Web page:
Keeping students out of the principal's office School gets creative to improve behavior CARROLL COUNTY EDUCATION

October 18, 1993|By Anne Haddad | Anne Haddad,Staff Writer

A visit to the Robert Moton Elementary School principal's office was losing its punch as a disciplinary measure.

The child sent there for misbehavior often was delighted to be at the center of things while waiting to face the principal.

"A school office is a very exciting place," said Principal Rebecca Erdeljac. "They listen to phone conversations, see who's going to the nurse for what, watch their classmates go by in the hall."

That's not what the adults wanted, nor what the child needed.

So, a group of teachers on the school improvement team came up with an alternative, something they call a "support room."

They wrote a proposal and got a $5,800 grant from Deputy Superintendent Brian Lockard. The money will pay an assistant to work with children who need to reflect on what they did and how they could behave better.

Ten other schools won small grants through the in-house contest Dr. Lockard started last year. He invited school improvement teams to compete for about $30,000 he set aside in his budget.

In some cases, Dr. Lockard waived existing policies for the ideas the schools submitted, so the staff could try innovative approaches.

At Robert Moton, teachers felt so strongly about the support room that they didn't wait for the grant, said Jim Bullock, chairman of the discipline committee that proposed it. Mr. Bullock teaches motor development at the school.

"We thought it was important to start in September," he said.

With no extra money available, they used two instructional assistants who normally work with classroom teachers. The teachers agreed to give up some of the help so the two women could each spend half the day staffing the support room.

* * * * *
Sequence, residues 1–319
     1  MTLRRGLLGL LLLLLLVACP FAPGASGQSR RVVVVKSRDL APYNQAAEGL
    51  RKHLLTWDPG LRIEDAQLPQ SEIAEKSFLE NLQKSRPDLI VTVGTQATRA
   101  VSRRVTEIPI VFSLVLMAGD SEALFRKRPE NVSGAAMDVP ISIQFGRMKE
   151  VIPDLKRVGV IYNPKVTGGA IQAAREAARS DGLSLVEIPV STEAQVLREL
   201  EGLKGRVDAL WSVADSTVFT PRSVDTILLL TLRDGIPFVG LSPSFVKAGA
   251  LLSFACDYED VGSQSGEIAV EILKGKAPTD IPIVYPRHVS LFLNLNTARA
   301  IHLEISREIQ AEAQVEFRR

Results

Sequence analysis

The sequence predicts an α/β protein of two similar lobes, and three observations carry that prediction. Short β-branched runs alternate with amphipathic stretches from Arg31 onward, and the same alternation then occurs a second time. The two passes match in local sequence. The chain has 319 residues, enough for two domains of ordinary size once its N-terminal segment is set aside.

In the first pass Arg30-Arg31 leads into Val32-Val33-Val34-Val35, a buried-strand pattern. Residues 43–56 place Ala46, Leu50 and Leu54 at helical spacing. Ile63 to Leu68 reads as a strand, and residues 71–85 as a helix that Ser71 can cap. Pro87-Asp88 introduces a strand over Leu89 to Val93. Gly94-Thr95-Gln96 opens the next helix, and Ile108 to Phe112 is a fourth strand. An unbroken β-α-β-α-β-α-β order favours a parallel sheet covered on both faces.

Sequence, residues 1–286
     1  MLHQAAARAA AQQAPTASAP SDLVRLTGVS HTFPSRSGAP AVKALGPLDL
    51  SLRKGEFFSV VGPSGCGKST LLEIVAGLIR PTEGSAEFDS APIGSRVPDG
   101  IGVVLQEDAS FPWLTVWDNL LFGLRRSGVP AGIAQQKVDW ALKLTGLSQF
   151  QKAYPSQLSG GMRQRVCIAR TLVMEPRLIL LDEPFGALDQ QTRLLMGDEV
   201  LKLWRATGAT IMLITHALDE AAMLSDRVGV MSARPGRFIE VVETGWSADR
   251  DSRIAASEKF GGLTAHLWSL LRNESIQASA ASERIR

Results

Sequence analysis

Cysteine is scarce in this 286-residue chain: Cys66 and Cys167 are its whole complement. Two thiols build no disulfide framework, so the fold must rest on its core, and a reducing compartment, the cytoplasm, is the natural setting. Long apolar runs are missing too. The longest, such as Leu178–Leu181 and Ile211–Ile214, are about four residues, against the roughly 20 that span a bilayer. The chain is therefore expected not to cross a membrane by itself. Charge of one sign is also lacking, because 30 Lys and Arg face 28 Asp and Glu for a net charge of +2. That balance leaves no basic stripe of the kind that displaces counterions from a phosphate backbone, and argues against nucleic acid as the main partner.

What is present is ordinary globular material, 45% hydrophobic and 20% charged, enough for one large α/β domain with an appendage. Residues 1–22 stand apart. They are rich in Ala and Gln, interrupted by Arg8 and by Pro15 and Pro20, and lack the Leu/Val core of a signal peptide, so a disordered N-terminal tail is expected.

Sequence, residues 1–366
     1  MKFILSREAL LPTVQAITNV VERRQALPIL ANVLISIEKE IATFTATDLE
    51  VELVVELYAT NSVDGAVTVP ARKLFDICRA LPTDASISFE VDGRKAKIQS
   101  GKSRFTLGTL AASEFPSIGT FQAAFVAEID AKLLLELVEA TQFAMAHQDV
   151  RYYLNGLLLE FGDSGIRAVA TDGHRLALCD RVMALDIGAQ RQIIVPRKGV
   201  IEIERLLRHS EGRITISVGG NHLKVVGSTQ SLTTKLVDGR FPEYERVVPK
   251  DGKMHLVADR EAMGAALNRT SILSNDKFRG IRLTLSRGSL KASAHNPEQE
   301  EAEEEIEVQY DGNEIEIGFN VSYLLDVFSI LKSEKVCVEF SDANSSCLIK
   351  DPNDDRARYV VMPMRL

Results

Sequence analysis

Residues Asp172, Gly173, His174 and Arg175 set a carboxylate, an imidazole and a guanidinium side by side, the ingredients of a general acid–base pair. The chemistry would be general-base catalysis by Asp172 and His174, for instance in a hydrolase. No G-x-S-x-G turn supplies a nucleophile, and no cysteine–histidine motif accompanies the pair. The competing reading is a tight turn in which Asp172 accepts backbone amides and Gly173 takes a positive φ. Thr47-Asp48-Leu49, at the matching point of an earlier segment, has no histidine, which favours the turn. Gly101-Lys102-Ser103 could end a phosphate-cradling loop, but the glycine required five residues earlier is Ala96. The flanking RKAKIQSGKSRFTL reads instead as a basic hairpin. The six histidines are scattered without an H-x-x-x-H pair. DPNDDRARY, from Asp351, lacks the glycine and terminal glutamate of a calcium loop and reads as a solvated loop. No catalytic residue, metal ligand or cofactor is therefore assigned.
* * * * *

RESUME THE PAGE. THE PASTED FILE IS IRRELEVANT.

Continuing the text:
Mr. Bullock said he believes that one reason Robert Moton got the grant is that he had hard numbers backing the proposal.

Last year, Mr. Bullock counted the number of children sent to the office for misbehavior, and found that 27 percent of the students had been there at least once.

"That's one in four children," he said. Eight children had been to the office 10 to 17 times last year.

This year, most of those eight students are not even being sent to the support room, he said, because their teachers have found ways to prevent their behavior from getting out of hand.

The discipline committee drew up a list of these strategies and gave them to all teachers. A teacher can enlist students in making up rules for the class, praise students when they do well and encourage students to praise each other.

The list suggests teachers use humor and other disarming tactics, such as asking the student to advise the teacher.

Still, there are times when these don't work, and children find themselves in the support room. It is decorated with posters about respect and responsibility, and a large blue sign with the school behavior guide printed on it.

"The idea is to support the child and help them be responsible for their own behavior," Ms. Erdeljac said.

Assistant Marigene Sageman works in the room in the mornings, and Joan Knott works afternoons. Ms. Erdeljac hopes to hire an assistant within two weeks so Ms. Knott and Ms. Sageman can return full time to regular classroom work.

Ms. Knott said teachers give students three warnings before sending them to the support room. If the child continues to misbehave after the third warning, he will come with a referral slip from a teacher, saying why he was sent.

"It might be they can't settle down in a class and need some time out," Ms. Sageman said. "Or they can't stay on task. Or they could have a cafeteria problem, not staying in their seat."

The assistants enter the child's name into a log. Entries for the past two weeks show two girls and about two dozen boys, but neither the assistants, the principal nor Mr. Bullock could explain why.

"We keep them maybe 15 or 20 minutes," Ms. Knott said. The child gets a "problem-solving sheet" to fill out.

For younger children, the sheet is simple, with two headings. On one side, they fill out what they did wrong. Some children can draw it if they can't write it, Mr. Bullock said. On the other side, they fill out how they could have behaved better.

For older children, a slightly more complicated form also asks them who their actions bothered, three alternatives they could have used and why good behavior is important.

A copy of the form must go home to parents and come back with a signature. If the form doesn't come back the next day, Ms. Sageman calls the parents to make sure they saw it. Usually they did, she said, and always, the parents have been supportive.

The other schools and grants won are:

* Freedom Elementary School -- $3,738, most of which went to hiring a half-time assistant so children can attend a full day of kindergarten.

* Carrolltowne Elementary School -- $318 for substitute teachers so first-grade teachers can have a 30-minute conference with each student's parents within the first grading period.

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